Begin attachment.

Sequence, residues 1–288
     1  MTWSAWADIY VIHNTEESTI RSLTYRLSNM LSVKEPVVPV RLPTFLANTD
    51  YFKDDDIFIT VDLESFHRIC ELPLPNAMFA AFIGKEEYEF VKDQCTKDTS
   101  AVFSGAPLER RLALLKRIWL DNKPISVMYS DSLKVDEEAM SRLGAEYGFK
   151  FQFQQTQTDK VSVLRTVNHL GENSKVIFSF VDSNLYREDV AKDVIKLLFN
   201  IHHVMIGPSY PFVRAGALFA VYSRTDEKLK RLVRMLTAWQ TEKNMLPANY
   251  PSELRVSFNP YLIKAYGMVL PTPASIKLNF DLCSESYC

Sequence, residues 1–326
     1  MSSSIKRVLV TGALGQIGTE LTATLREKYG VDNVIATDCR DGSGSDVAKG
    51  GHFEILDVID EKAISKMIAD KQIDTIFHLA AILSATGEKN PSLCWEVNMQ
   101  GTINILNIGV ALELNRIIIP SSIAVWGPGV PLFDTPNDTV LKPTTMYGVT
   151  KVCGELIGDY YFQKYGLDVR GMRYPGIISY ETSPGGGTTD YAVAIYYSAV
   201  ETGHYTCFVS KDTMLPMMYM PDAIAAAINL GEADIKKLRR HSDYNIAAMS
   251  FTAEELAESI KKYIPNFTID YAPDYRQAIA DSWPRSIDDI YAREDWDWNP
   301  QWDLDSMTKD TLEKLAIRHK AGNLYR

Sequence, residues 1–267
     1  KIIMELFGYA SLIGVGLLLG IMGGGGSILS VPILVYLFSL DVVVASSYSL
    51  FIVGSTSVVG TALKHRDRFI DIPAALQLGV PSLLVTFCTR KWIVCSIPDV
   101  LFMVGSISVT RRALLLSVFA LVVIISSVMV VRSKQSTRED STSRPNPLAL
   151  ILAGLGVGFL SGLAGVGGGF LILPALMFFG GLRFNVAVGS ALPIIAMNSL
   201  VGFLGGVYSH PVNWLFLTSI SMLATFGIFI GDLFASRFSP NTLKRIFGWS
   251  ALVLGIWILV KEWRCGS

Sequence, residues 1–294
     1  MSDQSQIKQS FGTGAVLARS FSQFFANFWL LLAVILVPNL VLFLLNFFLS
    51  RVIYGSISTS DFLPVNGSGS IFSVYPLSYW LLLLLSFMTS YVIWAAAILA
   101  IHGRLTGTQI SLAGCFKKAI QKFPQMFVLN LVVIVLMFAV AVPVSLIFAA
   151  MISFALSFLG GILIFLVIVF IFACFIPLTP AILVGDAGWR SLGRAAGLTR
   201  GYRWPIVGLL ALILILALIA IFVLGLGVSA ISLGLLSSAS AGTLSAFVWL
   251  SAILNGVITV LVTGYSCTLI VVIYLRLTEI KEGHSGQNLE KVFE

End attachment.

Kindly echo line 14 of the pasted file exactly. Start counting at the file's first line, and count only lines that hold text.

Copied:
   251  FTAEELAESI KKYIPNFTID YAPDYRQAIA DSWPRSIDDI YAREDWDWNP